Co-author S. Shyam Sundar explains that high interactivity would be indicated by swift responses that correspond with the user’s queries and has a threaded exchange that is easy-to-follow. The study suggests that people are pleasantly surprised when a chatbot that has low anthropomorphism is more interactive, but when they converse with a chatbot with higher anthropomorphic aspects, it increases their expectations for interactivity, leaving them equally disappointed.
However, higher interactivity is more sought-after even if the chatbot is less human-sounding, which can be accomplished by minuscule changes in the dialogue or by acknowledging the previous statement by the user.
Modern chatbots are used when simple interactions are needed with a limited number of responses. This mostly encompasses customer service or applications in marketing, wherein the chatbots are equipped with information about products and services, and in some cases, even company policies. To maintain the smooth operation of the entire process, the user is typically provided with access to a human operator, in case the user’s queries are not entirely resolved by the chatbot.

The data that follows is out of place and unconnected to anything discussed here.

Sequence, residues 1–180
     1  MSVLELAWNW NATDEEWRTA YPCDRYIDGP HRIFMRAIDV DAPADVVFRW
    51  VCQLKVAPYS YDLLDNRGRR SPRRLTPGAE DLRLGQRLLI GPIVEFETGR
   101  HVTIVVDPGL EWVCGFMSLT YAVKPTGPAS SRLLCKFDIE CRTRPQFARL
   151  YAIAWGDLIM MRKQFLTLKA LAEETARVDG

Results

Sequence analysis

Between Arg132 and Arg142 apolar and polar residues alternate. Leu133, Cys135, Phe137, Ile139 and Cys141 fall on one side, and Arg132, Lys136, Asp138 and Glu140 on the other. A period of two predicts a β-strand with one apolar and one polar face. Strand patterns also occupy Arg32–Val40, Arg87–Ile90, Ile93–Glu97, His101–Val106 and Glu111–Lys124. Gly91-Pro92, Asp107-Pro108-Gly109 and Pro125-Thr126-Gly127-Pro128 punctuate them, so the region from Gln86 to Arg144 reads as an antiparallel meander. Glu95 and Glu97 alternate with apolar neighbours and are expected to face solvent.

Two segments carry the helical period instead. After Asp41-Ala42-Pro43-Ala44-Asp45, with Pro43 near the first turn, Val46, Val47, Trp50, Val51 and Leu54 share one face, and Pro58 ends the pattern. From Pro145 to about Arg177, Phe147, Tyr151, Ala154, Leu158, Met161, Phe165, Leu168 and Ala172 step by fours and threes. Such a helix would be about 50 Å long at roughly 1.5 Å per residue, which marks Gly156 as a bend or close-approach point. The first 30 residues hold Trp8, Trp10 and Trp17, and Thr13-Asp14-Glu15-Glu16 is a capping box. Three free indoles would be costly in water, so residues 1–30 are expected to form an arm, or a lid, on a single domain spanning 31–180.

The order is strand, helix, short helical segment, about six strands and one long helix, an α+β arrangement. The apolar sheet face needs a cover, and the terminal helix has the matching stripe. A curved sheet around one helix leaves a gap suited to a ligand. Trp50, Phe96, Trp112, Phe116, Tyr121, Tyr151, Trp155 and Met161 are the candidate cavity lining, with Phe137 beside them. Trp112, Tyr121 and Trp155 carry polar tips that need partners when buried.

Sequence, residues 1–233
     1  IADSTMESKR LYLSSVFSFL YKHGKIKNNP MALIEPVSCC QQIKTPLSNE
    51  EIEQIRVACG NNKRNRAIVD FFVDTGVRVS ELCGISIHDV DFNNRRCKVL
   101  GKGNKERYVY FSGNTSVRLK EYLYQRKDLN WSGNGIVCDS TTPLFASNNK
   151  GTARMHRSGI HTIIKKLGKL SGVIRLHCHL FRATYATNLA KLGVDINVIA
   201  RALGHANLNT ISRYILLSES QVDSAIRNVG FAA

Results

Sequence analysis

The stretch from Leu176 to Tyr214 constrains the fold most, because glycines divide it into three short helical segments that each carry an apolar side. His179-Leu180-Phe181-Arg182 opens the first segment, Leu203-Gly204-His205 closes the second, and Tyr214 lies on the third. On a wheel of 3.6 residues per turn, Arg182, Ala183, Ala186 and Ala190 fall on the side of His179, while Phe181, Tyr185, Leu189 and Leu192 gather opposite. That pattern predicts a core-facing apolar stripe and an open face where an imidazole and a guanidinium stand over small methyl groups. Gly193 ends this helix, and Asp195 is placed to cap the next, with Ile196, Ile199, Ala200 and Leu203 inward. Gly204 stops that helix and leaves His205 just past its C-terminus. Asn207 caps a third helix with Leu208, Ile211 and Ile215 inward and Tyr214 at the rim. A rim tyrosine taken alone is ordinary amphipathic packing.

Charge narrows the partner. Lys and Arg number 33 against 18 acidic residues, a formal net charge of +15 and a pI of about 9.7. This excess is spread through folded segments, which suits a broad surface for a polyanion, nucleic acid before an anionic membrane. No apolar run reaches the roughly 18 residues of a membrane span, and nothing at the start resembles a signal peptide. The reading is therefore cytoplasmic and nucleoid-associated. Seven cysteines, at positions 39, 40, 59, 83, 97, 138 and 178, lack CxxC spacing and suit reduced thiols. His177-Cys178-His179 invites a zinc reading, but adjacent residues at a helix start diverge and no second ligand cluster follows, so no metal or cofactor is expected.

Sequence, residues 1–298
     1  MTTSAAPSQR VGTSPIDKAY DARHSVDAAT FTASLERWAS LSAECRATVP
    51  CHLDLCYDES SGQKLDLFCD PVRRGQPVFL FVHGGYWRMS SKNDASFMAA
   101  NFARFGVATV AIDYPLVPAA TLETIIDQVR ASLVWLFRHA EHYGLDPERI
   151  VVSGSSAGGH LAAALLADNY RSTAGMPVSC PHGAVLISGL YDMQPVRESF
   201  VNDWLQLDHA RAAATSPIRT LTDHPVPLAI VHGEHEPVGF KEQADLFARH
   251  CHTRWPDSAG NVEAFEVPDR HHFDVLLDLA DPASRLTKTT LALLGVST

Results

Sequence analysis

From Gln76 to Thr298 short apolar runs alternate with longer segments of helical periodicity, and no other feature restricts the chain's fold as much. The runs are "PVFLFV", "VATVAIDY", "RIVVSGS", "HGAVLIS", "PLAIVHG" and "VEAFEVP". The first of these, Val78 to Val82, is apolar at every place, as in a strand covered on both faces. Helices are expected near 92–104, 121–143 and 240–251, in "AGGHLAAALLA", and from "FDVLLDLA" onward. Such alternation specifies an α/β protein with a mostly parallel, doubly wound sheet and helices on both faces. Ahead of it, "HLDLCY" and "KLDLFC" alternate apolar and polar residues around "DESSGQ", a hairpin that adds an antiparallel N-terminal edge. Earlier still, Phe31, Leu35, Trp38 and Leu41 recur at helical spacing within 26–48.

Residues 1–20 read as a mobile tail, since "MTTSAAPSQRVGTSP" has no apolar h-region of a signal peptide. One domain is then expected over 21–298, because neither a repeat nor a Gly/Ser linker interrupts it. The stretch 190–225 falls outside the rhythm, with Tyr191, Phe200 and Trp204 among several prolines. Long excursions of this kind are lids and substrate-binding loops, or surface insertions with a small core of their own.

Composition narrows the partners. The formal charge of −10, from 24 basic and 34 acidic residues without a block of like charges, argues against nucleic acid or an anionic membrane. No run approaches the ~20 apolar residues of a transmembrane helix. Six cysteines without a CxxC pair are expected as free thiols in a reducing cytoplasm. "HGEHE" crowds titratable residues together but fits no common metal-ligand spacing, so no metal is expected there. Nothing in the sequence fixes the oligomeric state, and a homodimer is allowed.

Chatbots are mostly used for online services and in messaging apps, but they are also included in the many other operating systems as intelligent virtual assistants. Over time, chatbots evolved from responding textually to being able to fulfill the command of the user. For instance, Amazon’s Alexa or other smart home assistants, which are interwoven with the electronic system of the house and can perform numerous functions in response to specific keywords said by the user.
Even though some reports are questioning their efficacy in keeping customers satisfied, chatbots have established their place in several industries. Chatbots were predicted to be vital for some activities like customer service and marketing, but healthcare has surprisingly become one of the largest sectors where chatbots are prevalent.
Over the years, it has successfully incorporated machine learning for most of its processing activities to analyze data and maintain electronic records, but its capabilities have moved beyond clerical services. Currently, chatbots are not necessarily meant to fulfill customer requirements anymore; they are also designed to offer companionship in certain cases.